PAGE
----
Grace across China NOW

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NEWS//For China, independence is unacceptable

NEWS//For China, independence is unacceptable

Hong Kong’s Andy Chan, 27, is playing a dangerous game. His pro-independence National Party is calling for Hong Kong to become independent from mainland China.

A ban on dissent

Although the size of Chan’s party is insignificant, Hong Kong’s government has threatened to ban the National Party as soon as September 4. Hong Kong Chief Executive Carrie Lam said last week, “Any speech or acts that advocate Hong Kong independence cannot be tolerated and would most certainly face suppression.”

Last year, China’s President Xi Jinping warned that any challenge to China’s rule was “an act that crosses the red line, and is absolutely impermissible.”

A ban with teeth

How precarious is Chan’s position? On November 28, 2017, a Chinese court sentenced Lee Ming-che, 42, a Taiwanese human-rights activist, to five years in prison for “subverting state power” by advocating for Taiwan’s independence from China. 

China may also be ready to target Western groups working there. Patrick Poon, a researcher at Amnesty International in Hong Kong, described Lee’s case not only as a warning for Taiwanese citizens engaged in human-rights work but for any foreigner working for a nonprofit in China. According to an article on Quartz, a digitally native news outlet, “Given China’s vague definition of ‘subversion,’ any foreigner doing such work could potentially be a target.”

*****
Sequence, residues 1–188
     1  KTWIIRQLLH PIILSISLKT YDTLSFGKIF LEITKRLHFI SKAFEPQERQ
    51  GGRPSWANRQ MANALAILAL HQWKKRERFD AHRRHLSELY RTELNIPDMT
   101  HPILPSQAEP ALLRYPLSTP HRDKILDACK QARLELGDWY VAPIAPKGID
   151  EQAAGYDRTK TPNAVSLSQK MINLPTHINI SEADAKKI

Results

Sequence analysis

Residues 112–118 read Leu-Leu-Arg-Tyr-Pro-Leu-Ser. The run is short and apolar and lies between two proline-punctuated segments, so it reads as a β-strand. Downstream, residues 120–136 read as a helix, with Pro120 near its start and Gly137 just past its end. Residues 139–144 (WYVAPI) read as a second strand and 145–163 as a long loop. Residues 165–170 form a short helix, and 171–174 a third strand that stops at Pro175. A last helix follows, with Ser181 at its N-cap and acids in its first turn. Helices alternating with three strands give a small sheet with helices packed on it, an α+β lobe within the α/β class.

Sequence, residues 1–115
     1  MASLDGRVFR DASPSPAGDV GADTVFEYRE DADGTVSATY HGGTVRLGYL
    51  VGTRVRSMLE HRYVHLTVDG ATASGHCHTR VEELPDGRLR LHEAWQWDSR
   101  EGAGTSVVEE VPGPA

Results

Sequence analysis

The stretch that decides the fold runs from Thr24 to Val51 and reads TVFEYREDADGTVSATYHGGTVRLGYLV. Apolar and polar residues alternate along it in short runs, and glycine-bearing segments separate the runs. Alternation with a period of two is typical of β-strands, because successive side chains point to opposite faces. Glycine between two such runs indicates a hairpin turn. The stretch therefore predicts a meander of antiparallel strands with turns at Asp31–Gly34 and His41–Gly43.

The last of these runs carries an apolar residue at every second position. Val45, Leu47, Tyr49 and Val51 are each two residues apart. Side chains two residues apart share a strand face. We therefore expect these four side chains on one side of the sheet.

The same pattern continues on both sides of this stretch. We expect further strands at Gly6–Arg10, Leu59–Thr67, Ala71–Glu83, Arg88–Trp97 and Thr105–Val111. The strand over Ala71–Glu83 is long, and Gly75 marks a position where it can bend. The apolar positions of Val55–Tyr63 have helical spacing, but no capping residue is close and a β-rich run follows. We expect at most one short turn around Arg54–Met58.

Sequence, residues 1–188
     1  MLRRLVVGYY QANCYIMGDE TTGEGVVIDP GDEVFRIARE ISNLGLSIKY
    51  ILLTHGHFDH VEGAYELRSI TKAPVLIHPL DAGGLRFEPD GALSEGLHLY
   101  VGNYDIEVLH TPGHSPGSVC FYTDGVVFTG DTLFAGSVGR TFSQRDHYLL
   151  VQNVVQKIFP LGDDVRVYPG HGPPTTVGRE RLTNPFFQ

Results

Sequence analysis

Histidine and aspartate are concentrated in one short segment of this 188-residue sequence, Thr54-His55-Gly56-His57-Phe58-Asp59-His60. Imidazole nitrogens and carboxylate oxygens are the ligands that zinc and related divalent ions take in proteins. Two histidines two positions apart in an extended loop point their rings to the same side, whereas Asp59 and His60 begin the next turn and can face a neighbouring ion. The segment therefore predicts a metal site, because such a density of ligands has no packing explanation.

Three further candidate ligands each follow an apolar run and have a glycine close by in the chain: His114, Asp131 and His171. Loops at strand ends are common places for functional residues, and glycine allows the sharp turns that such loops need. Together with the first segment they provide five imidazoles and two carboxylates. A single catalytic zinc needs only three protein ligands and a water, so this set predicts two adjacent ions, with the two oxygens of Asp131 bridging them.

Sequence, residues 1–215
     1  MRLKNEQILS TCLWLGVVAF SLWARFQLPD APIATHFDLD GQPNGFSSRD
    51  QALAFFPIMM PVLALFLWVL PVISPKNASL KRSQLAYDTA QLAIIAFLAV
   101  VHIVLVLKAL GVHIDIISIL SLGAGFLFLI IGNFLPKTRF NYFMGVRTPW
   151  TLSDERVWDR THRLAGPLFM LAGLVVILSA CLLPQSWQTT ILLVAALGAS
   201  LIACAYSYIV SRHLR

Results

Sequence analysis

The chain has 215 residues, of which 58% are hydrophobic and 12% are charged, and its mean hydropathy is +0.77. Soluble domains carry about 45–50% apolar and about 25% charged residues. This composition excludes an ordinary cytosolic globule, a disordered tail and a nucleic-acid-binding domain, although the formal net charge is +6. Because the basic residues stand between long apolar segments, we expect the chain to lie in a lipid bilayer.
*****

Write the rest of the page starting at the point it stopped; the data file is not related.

A ban with a warning

Financial Times observes, “Communist party officials see Taiwan and Hong Kong’s democratic values as a direct threat to Beijing’s one-party rule — and to its new mission to promote the Chinese authoritarian model of development overseas.”

J. Michael Cole, writing in Taiwan Sentinel said of the Lee case, “The promotion of alternatives for China, from democracy to a multiparty system, is now a prosecutable crime, even if you are not a Chinese national bound by domestic laws. It also tells us that support for an independent Taiwan can now also land one in a legal nightmare in China, a threat that is made all the more salient due to the willingness of many of China’s partners worldwide to detain, and ‘repatriate’ to China, critics of the CCP.” 

Sources: QuartzFinancial Times, Taiwan Sentinel, Hong Kong Free PressSouth China Morning Post